Category “featured”

Minding My Marbles

Minding My Marbles

2740 days is what we are given to pursue the things that matter to us (based on an average life expectancy of 79 years and removing things like sleeping, eating, grooming, work, etc.). I began thinking about how I might translate this into something that I could use in daily mindfulness. I decided to buy a bunch of marbles to represent the days given to me then each day move one from the “remaining” pile into the “spent” pile.

Having 3468 marbles–I’m an optimist, I scaled to assume I will live to be 100–didn’t seem practical because it would be very easy for me to let days slip by given such an abundance. Also, that time is broken up by other activities in our daily lives. So it would have meant that I would have had to take a marble every 10.5 days. Sort of defeats the purpose of daily mindfulness. Plus, it was too much to keep track of and I knew I would lose count so I decided to start with 365 marbles. 365 days to live my New Year commitments. Manageable mindfulness for a year.

I also saw this as an opportunity to find mindfulness in the quality of how I spent those days. I decided to use three colors of marbles: green, for days I felt I had spent well, yellow, for days that were okay but could have been better, and red, for the bad days. At the end of each day I would take one of these colored marbles and place them in the appropriate pile. I found some nifty jars at Crate & Barrel to keep them organized.

After a month, here’s where my experiment stands:

Minding My Marbles

24 green, 5 yellow, and 2 red.

I have tried to start a daily gratitude journal on several occasions and couldn’t quite get it to stick. Combining it with my marbles gave me an added incentive to be diligent. Each day, rather than struggling to find something new I was grateful for (or find myself writing about the same things) I would write what it was about that day that made my marble green, yellow, or red. That did the trick for me. I am much more disciplined about writing in my daily gratitude journal now and I have a built in topic to consider as I write: Why was my day good, meh, or bad?

For my greens: 9 came from time with friends and family, 7 involved doing things for others (random acts or mentoring/teaching), 3 days of inspiration, 3 great career moves, and 2 spent getting necessary things done.

For my yellows: 4 had me just vegging out at home and 1 was from a bad day that turned okay by some meditation and proper perspective realignment.

For my reds: 1 from family hardship and 1 from work stress.

Here’s where the experiment started to yield mindfulness benefits. Knowing I would have to “spend” one of my marbles that evening, it made me more aware of the things I planned to do that day. Whenever I was being a lazy layabout, I would ask myself if this is how I wanted to spend my day. If I had a bad day, I thought about how I might turn it around or what I would do the following day so that one red marble didn’t turn into two consecutive reds. I started finding little tricks to shift my day to green. Bad day at work? Do a random act of kindness. Being lazy? Call someone I love and talk for a bit.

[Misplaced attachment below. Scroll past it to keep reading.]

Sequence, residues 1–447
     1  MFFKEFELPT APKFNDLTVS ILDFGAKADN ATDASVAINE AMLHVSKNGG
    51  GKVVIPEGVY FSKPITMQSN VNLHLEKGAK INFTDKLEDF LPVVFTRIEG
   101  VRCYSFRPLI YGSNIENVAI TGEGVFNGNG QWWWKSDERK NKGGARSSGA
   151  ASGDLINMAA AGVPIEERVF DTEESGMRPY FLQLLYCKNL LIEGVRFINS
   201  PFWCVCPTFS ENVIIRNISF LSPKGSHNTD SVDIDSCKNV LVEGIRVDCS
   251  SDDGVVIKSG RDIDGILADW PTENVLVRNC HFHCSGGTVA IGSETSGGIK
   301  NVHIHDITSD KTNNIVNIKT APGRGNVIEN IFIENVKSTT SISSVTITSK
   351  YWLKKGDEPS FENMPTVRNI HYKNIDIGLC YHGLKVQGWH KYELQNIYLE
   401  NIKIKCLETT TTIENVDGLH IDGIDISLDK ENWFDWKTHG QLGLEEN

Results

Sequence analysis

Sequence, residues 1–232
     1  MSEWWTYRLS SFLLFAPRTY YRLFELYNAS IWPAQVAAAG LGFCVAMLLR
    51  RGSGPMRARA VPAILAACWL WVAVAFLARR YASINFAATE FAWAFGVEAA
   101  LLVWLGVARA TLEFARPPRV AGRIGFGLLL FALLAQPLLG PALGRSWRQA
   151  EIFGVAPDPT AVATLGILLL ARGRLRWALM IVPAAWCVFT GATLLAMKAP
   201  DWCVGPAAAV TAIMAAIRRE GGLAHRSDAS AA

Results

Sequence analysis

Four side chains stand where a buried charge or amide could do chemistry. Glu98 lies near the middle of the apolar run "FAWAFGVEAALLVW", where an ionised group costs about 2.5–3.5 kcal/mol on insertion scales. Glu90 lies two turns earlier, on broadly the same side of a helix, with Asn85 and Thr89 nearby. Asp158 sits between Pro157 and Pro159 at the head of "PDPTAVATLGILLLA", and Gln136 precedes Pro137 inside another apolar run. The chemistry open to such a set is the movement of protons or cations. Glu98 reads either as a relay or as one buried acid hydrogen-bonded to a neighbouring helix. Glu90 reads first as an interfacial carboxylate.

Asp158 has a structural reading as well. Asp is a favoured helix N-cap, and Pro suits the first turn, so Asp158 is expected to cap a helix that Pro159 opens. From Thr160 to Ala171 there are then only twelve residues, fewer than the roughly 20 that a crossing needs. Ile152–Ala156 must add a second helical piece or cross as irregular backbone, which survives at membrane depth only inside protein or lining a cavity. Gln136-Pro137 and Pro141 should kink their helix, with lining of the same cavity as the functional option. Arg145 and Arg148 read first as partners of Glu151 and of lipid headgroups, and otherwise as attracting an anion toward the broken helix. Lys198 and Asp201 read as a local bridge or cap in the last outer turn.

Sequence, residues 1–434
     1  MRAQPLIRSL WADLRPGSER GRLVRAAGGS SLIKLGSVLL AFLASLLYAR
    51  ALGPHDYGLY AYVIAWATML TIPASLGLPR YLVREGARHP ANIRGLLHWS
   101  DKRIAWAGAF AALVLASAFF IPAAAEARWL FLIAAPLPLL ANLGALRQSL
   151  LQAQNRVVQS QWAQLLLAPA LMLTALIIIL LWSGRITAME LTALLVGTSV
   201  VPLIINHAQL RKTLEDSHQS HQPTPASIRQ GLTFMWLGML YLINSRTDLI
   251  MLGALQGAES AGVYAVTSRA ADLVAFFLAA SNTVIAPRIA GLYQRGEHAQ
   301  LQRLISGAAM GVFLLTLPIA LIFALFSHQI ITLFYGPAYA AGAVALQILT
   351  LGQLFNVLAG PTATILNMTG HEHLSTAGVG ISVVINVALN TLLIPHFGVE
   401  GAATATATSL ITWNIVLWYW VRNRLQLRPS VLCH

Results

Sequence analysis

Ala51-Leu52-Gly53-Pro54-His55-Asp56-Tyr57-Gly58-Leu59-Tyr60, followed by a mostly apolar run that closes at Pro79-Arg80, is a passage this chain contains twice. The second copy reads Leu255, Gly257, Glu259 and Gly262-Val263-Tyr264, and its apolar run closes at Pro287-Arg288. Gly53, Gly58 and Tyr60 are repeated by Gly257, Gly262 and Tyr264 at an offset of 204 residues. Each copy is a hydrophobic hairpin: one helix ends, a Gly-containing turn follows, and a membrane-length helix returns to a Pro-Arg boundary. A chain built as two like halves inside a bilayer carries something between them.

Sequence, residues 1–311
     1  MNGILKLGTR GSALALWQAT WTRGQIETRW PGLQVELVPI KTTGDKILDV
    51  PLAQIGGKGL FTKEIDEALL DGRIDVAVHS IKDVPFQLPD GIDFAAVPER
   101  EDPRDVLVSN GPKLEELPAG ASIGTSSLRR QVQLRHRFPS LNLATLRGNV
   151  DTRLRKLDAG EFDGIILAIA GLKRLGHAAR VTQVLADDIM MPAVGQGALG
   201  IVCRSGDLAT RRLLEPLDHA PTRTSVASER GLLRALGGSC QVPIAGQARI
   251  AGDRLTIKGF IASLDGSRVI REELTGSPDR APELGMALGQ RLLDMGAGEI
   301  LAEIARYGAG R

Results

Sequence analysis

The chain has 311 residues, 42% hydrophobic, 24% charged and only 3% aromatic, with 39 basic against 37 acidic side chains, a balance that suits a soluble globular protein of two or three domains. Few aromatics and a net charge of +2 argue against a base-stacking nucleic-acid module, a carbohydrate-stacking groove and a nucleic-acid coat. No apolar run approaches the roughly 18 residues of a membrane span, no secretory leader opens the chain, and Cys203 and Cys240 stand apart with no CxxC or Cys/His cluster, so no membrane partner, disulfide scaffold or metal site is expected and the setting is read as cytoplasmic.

If you’re not quite ready to commit to 365 days–I’ll admit it can be quite daunting–then start small. Maybe you’ve wanted to start exercising more regularly. Get 21 marbles and try it for 3 weeks. Ready to really form a lifelong habit? Then bump it up to 90 consecutive days. Whatever activity or habit you need help with focusing your discipline, daily marbles can help.

The inspiration for this article came from this brilliant video representing the time we are given in this world as illustrated by jellybeans:

The Power of "Will"

Yes You Will

“Yes, you will.”

These are the words on my front door that accompany me every time I leave home. I’ve been asked before why I chose “will” as opposed to “can.” Because for me “will” reinforces a certainty as opposed to “can” which suggests a possibility. That reasoning was always good enough for me but as I’ve been studying a new language lately it’s given me occasion to think about the more precise meanings of those words.

Okay, this is about to go #GrammarGeek on you but bear with me, I’m going somewhere with this…

The root of the verb “can” is “to be able.” That you can–are able–to do something does not guarantee that you will. This is also the reason why you want to punch those annoying people in the throat who stare blankly at your, “Can I?”, until you ask, “May I?”

“Will” is an auxiliary verb that informs us of a future tense of the verb it accompanies. In the case of “Yes, you will,” “will” accompanies an implied “to do” as in, “Yes, you will (do it).” Of course, in English, there is another meaning for “will” which could be used as a polite request but we won’t get into that right now.

Alright, so what’s up with the boring grammar lesson? It’s this…language exists for us to express our meaning and intent. Words have power and I placed these words on my door so that each time I leave home I am placed in a mindful state for my intentions for the day. It is precisely this mindful state and confidence of certainty that have allowed me to have amazing experiences conventional wisdom would have said were improbable.